George J. Kallio, 92, of Ardmore, Okla., passed away on Wednesday, June 19, 2013. Funeral services will be at 10:30 a.m. Saturday, June 22, 2013, in The Chapel at Griffin~Hillcrest with Pastor Terry Tolbert officiating. Services will conclude in The Chapel with private interment to follow.

Born on June 25, 1920, to Joseph and Selma (Tuohino) Kallio, George was one of nine siblings born to immigrant parents who came to America from Finland in 1904. His parents met on the boat and were married a short time later. Settling in Peabody, Massachusetts, they later moved to a small Finnish community on the tip of Cape Ann, Massachusetts. His parents could not speak English until later in life. The children had a difficult time as they started school, as they neither understood nor spoke English. The family moved to Gloucester, Massachusetts, when George was 14. Gloucester citizens consisted of Italian, Portuguese, Finnish, English nationalities and others. George's father worked all his life in the granite quarries of the area.

George enlisted in the U.S. Army Air Corps, September 1, 1940, serving during WWII as a Tech Sergeant and Flight Engineer Instructor at Ardmore Army Air Field, instructing hundreds of B-17 combat crew flight engineers, in the classroom and sky, prior to the crew's assignment overseas. He was assigned to Ardmore in October 1943. Earlier, while at Ephrata AAF, Washington, he and three crew members bailed out of a distressed B-17, at 10:30 p.m. February 3, 1943, at 14,000 feet in a blinding snowstorm near Fairfield, Washington. He spent the night wrapped in his parachute in hip-deep snow until daylight when he walked to a farmhouse. This event, 66 years later, became the subject of a book, "The Night a Fortress Fell to Fairfield" authored by the granddaughter of the farm owner, S.J. Buob, where the aircraft crashed. In 2009, George became a belated member of the "Caterpillar Club," a unique organization open only to those who parachuted under life threatening circumstances.

Dottie Ralls, the love of his life, rode the train to Great Bend, Kansas, after he was transferred there from Ardmore, in October 1944. When she arrived, a Justice of the Peace, located a few blocks from the depot, married them. Not a church wedding, but maybe it qualified, as the Justice of the Peace's last name was Moses.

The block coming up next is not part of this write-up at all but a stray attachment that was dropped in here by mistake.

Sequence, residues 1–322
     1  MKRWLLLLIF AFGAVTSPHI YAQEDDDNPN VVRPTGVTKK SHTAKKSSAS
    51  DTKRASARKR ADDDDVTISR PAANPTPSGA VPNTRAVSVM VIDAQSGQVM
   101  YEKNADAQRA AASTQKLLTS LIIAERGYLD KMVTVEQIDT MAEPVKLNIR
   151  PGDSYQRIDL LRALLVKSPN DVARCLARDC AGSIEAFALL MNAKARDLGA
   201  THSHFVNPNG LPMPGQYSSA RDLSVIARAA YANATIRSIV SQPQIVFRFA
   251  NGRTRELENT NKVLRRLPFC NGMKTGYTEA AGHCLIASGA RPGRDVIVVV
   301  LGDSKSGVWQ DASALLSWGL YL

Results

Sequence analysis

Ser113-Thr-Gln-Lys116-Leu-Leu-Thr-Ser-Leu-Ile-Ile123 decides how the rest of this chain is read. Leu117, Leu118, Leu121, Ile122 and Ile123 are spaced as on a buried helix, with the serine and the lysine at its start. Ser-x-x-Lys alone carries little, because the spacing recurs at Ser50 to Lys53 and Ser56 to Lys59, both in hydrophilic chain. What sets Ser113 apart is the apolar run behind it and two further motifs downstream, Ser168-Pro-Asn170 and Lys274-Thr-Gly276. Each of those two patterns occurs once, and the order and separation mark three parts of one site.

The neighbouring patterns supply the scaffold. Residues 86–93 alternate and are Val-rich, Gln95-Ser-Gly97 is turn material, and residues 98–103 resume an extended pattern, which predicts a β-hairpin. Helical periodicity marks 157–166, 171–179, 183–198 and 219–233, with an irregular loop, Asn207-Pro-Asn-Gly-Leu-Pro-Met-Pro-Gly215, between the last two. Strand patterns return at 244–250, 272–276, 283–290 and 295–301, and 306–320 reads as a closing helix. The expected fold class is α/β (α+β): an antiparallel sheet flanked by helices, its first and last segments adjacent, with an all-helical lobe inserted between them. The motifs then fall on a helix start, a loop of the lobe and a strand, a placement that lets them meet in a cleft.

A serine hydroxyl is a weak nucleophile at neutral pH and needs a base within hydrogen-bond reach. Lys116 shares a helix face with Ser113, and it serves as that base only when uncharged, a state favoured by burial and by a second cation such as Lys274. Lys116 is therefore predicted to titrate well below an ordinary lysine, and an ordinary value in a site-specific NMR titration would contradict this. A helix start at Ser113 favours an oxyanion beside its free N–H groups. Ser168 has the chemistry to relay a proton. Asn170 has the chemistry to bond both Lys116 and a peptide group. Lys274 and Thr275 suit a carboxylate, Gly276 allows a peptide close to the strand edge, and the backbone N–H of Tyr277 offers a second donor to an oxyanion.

After the War, George became a commercial artist through determination, four years of night school and support from the GI Bill. He was fully employed in that field for 50 years, retiring in 1985. Following retirement, George and Dottie moved to Ft. Worth, Texas, where they lived for over 20 years. Dottie died in 2002 in Ardmore after complications of an abdominal condition. George served for a period of time as a Charge of Quarters volunteer at the Military Memorial Museum in Ardmore.

In later years, George spent a portion of his time producing unique pen and ink drawings that he "embellished" with color from acrylic paint, pastel chalks or pencils. The "Daily Ardmoreite" made others aware of his skill in its December 3, 2006, edition. George was the artist who designed the cover for the book authored by Claudia Hagen, granddaughter of S. J. Buob. George was a member of Trinity Baptist Church of Ardmore.

He was preceded in death by his parents; wife, Dottie (Ralls) Kallio; three sisters; and four brothers.

George is survived by his son, Ron Rogers; granddaughter, Carol Beth Rogers; great-granddaughter, Tara; sister, Laura Murray; sisters-in-law, Charlyn Ralls, Inez Ralls and JoAnn Rush; brother-in-law, Wayne Ralls and wife, Ozelle; dearest friend, Gary Simmons; and numerous nieces, nephews, relatives and friends.

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